In the first part of this BizTalk for beginners series, I wrote about the BizTalk model and its server Architecture.
In this post, we’ll have a look at Biztalk’s messaging architecture. It is built on service architecture which helps the orchestration layer in it’s function, that runs on top of it. The messages exchanged within the Biztalk architecture are in an XML format. Messages from external processes can be configured to receive via ports into the Biztalk framework.
One of the most important component that aids the functionality of the messaging architecture is the Message Box. Upon receiving a message, the Biztalk must determine where it should be forwarded which can be sent using ports and/or certain instance(s) of orchestration. It acts as a publish and subscribe engine for flexible message routing, by providing a persistent storage where the details about subscribers and all the required data sets are stored in one or more SQL databases. To interact with the database, Message Agent provides tools and interfaces for Biztalk developers.
The messaging architecture can be described in the image below, as instances of Biztalk Server hosts providing different functionalities. One of such instances provide receive port group and send the port group to get external messages from the external processes and send them off to other systems respectively. These are logical entry and exit points of the system. On arrival of a message, the messages are published to the Message Box where it looks for it’s subscribers and forwards it to them. The subscribers here can be sent port(s) and/or orchestration(s) that had earlier subscribed to that message type. After processing the message contents, the orchestration process may generate one or more messages which are then again published to the MB so that they can be sent off to a required system through their configured ports.
Now going over the term, the message from the perspective of Biztalk. A Biztalk message contains a context and multiple parts. A context has got the metadata that are used by Biztalk for routing decisions and (maybe) in orchestration. It actually is a collection of name and value properties normally containing details like where the message was received, adapters that were applied on it, identifiers, timestamps, etc. The parts have the original transported data which can be anything from XML to flat files or raw bytes. Incoming messages are converted to objects, it’s properties are taken out and populated and parts get set from the original message data.
The metadata in a Biztalk message contains its properties. These properties are often defined by the system, but it can be defined separately by developers as well. System-defined properties are in the root namespace and initialized by the prefix BTS. Some of these properties are defined as follows:
|BTS.MessageType||Type of message.
This property can help determine what map to apply or to do schema validation.
|BTS.ReceivePortID||ID of the receive port.|
|BTS. ReceivePortName||Name of receive port|
|BTS.SPID||Id of the send port.|
|BTS.InterchangeId||Specifies the unique id that is used to group documents that resulted from the same interchange message.|
|BTS.SourcePartyId||Id of the Biztalk party.|
There can be two types of user-defined message properties, promoted (requires a property schema) and distinguished properties. Both are available at orchestrations, but the promoted ones can also be used for routing decisions. They have different syntax declaration. Distinguished properties use a dot notation while promoted property is more of an indexer. Unlike distinguished property, promoted ones can be.There is a size limit for promoted property values (max: 256 chars) because they are going to be written in database tables so that routing gets figured out quickly and hence, querying subscribers for a particular message must be real time. On the other hand, larger data items can exist for distinguished properties. They can be declared in scenarios where the whole message body then need not be reloaded in orchestration.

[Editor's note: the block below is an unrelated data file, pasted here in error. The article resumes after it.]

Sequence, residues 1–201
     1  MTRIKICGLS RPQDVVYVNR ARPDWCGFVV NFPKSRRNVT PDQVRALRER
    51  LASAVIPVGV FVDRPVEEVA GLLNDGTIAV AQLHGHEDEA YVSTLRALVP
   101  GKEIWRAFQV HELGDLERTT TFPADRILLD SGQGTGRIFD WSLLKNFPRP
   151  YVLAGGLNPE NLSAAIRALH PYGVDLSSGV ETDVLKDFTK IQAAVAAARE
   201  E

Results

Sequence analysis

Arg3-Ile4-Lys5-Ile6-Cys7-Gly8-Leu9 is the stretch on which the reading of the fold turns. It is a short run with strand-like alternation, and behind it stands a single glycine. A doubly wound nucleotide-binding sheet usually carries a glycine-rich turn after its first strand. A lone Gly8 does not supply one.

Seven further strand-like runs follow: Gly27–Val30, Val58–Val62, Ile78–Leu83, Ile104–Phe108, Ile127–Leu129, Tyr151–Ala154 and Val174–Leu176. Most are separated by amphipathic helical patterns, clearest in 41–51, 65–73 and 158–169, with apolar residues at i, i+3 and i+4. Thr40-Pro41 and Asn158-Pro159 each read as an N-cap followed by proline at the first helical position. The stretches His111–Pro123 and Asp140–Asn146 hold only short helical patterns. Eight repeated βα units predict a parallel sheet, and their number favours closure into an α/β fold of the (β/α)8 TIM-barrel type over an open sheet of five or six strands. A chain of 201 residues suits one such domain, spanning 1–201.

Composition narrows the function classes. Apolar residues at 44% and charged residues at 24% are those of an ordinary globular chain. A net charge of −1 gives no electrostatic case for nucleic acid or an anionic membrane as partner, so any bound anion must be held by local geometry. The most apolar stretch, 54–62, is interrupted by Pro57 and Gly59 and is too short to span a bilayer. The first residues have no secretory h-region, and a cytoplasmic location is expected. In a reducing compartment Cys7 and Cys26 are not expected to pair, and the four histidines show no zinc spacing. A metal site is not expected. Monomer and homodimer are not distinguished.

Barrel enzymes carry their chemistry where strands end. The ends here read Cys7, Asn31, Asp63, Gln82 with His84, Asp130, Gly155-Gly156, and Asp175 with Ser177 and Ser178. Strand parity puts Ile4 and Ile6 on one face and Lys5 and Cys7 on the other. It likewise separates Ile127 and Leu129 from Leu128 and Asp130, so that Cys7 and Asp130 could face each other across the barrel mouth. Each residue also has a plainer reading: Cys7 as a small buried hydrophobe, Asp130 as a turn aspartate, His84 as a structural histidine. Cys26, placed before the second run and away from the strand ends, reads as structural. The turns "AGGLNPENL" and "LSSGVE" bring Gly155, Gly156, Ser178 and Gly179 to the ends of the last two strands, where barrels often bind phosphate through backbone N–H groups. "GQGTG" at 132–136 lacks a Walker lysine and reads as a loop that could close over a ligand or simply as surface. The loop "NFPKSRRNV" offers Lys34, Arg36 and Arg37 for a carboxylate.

Biztalk supports the notion of promoting fields in a schema so that these fields are available during message processing. This can be done with BizTalk editor. Promoted properties require a property schema (common name for values) that are used to build subscriptions.
Now some basic principles about the subscription architecture, there are two types of subscribers, orchestrations and send ports. Filters are setup to evaluate subscribers for a particular message. These can be in the form of checks for a particular property in the message, expression operators (>,<,!=,=) or combined statements using AND and OR are declared in that case.
Ports are the logical boundaries to enter and leave BizTalk system. Receive port group are a collection of receive locations. There are associated adapters (get data from the external source), pipelines and maps with every port that are applied to every incoming message in the order mentioned. The pipeline prepares the message in stages to be published to the MB by parsing and promoting the context properties. The maps are applied to normalize the message and to apply the schema. Send port group is a collection of send ports. They also have maps (transform BizTalk to appropriate schema), pipelines and adapters (that transmit the messages out) in line for the outgoing messages applied the same order they are mentioned.
So basically that covers important details about the messaging architecture and in the upcoming part, pipelines will be discussed.